Data Center Power Featured Articles
Data Center Power Challenges Have Nothing on Virtualization and the User Experience
Keeping information in silos has long been a preferred method of operation; not because it was efficient for storage, but because it was easier for the individuals capturing that information and finding it again later. In a market where data is driving success for a number of organizations, this separation not only causes inefficiency, it also blocks opportunity.
Too often, however, IT directors are more focused on data center power consumption and are looking to virtualization to streamline cost and operations. What generally happens is the creation of personnel silos in virtualization operations. IT teams are generally allocated based on technology, and silos offset the sought-after benefits. A recent Dell (News - Alert) Tech Page One article examines this challenge in the corporate environment and offers three considerations.
First, capacity and performance are the main focus in mainframe mentality. At the same time, IT teams are always learning how to avoid application resource conflicts. Virtualization offers a solution to this challenge as virtualized systems are less affected by conflicts created by application resources. The main concern in this environment is the user experience.
Therefore, the workload must be effectively managed. A combined strategy ensures that the system isn’t sitting idle and that workloads will perform well in the virtualized environment. This frees up space for any workloads that require the resiliency and security inherent in the mainframe environment.
Second, the limited capacity mainframe mindset should be applied to virtualized environments so the mainframe and virtualized resources are used more efficiently. And, while cloud storage is less costly than mainframe, it is still a cost. Before scaling occurs, IT managers should consider the available mainframe capacity in which they have already invested. The bottom line is that while virtualization does deliver cost benefits, it still has a cost that must be considered in all strategies.
Finally, virtualization performance must be observed and measured. With a mainframe mentality, the IT leader considers new workloads and where they are most efficiently run. The user experience has to be considered here as performance is measured according to this outcome. Both sides have to have a clear understanding of the business environment and what constitutes efficient handling.At the end of the day, the virtual and physical worlds will collide where data is concerned. If the data center is designed with this in mind -- the user experience is the priority and the business environment clearly understood -- the outcome is likely to be much better than internal teams that tend to fight each other. And while IT and users may never completely see eye to eye, if they can agree on the business of the data center, they’re well ahead of the competition.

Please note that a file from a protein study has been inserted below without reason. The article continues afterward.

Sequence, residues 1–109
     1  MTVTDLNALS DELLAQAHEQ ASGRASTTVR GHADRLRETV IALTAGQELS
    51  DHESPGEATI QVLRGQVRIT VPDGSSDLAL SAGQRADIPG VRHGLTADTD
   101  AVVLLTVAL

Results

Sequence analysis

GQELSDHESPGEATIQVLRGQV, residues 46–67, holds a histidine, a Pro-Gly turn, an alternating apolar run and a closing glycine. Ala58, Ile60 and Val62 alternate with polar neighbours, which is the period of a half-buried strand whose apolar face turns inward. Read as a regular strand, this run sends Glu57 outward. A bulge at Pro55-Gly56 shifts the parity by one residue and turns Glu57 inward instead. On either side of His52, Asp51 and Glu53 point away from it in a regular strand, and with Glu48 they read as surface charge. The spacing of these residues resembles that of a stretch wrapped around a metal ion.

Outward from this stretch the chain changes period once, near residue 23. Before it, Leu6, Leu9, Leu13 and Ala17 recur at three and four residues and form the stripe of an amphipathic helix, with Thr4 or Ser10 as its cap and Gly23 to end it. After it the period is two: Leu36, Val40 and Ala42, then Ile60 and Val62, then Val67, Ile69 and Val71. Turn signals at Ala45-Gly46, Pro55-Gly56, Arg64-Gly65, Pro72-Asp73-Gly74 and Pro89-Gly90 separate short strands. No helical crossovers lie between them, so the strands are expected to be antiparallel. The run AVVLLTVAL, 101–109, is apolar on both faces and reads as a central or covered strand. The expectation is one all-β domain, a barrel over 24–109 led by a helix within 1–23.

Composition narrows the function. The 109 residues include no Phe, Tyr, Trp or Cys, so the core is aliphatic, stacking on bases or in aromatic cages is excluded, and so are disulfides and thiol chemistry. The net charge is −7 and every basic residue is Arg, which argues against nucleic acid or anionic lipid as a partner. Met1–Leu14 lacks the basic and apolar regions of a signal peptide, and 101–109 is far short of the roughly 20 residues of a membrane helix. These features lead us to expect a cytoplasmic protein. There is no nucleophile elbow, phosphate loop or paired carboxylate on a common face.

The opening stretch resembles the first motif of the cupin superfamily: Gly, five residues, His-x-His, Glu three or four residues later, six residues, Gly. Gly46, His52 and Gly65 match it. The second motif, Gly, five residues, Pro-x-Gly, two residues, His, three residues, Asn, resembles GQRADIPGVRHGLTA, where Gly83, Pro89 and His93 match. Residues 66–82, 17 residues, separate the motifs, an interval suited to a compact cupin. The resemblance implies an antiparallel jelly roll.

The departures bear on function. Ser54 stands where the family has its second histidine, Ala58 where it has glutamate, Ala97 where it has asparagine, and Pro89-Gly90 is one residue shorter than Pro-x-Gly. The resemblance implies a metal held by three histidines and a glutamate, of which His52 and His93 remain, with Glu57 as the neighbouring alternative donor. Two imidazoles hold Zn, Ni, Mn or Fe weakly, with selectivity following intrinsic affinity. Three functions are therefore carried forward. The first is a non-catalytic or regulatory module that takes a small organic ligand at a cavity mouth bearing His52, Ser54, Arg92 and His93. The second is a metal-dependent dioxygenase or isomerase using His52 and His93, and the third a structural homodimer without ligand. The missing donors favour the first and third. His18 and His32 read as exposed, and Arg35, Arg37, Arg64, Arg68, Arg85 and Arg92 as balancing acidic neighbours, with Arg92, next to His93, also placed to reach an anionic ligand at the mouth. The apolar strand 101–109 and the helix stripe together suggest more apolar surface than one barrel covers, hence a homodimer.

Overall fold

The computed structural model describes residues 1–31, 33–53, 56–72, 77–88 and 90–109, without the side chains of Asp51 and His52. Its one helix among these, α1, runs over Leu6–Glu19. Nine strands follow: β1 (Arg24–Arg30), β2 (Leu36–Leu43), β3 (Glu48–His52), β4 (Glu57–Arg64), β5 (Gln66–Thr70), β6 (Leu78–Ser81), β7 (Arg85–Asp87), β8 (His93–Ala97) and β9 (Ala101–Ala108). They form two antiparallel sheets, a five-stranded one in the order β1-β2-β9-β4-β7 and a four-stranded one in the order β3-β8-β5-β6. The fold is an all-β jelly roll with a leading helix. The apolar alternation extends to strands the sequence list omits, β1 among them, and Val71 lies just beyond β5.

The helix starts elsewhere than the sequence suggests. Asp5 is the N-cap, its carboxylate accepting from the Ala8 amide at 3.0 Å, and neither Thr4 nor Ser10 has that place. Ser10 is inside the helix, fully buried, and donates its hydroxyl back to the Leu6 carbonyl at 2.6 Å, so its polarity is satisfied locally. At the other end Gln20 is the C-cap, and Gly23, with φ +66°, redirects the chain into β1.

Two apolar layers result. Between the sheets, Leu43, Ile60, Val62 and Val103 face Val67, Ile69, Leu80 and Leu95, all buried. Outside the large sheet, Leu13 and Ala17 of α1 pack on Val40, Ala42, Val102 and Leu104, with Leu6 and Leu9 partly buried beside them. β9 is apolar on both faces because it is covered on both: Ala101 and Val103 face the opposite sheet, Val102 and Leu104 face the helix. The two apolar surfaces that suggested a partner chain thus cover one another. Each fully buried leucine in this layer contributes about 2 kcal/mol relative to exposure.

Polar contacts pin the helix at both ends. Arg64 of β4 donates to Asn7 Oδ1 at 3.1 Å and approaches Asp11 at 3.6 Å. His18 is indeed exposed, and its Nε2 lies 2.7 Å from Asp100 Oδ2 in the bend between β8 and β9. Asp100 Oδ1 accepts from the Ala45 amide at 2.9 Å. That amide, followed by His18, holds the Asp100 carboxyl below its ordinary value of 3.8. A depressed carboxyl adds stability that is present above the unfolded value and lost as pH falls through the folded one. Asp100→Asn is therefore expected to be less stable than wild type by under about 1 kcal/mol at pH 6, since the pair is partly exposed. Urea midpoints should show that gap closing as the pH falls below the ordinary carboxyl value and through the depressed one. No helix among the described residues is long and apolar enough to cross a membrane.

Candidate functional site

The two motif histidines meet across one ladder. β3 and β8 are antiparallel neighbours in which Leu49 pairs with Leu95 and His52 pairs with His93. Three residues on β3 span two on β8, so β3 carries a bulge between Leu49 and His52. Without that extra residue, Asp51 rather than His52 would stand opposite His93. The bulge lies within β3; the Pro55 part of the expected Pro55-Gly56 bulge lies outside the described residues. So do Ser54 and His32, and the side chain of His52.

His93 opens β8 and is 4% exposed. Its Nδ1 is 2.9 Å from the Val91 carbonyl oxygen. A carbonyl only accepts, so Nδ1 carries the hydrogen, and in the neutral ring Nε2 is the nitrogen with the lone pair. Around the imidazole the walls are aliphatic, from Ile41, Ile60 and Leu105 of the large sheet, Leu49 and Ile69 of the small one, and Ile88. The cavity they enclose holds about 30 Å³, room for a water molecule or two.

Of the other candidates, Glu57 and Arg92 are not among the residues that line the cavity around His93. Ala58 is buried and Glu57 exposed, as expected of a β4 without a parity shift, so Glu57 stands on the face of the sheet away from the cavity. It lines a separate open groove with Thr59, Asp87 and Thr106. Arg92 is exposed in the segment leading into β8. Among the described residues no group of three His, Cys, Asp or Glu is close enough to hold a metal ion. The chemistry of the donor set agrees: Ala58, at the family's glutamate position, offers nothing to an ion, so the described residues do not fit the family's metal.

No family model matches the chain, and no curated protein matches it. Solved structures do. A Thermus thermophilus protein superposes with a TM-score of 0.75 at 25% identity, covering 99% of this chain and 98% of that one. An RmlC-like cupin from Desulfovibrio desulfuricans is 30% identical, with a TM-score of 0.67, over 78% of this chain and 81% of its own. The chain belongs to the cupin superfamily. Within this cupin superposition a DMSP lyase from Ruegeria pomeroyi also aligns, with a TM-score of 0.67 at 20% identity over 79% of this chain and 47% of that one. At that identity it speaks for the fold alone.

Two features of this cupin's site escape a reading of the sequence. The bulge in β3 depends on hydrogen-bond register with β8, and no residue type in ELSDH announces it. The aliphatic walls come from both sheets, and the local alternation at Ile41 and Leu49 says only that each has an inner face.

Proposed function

Edited by Rory J. Thompson
Data Center Power Resources
Featured White Papers
As the need to balance current and future IT requirements against resource consumption becomes more urgent, the data center industry increasingly views capacity planning as a way of achieving a critical component to planning a new build or retrofit. Data center capacity planning can be a complex undertaking with far-reaching strategic and operational implications. DCD Intelligence has therefore compiled this White Paper in order to share some industry insights and lessons on the practical steps that are needed to develop a successful power and capacity planning strategy.[Read More]
Server Technology had the recent opportunity, along with other partner companies, to participate in discussions across the globe with data center IT and facility managers as part of a road show seminar: Data Center Energy and Operational Efficiency.[Read More]
The demand for more power in the computer cabinet has led many data centers to upgrade to three phase power distribution. Proper three phase power distribution has traditionally meant dividing up power up into multiple branches within the rack PDU (Power Distribution Unit). In this paper we will explore the advantages of a new, less common approach to PDU design by means of alternating each phase on a per-receptacle basis instead of a per branch basis.[Read More]
Increasing powering and cooling demands within the data center have been the topics of choice for Data Center (DC) and Facility Managers for several years now. Increased power demands are a result of the need for more compute power and higher density devices have resulted. These high density installations include stacks and stacks of servers and the trend of implementing blade servers within these server "farms." Cooling problems are a direct result of the increased power demands based on the simple fact that more power increases the demand for cooling.[Read More]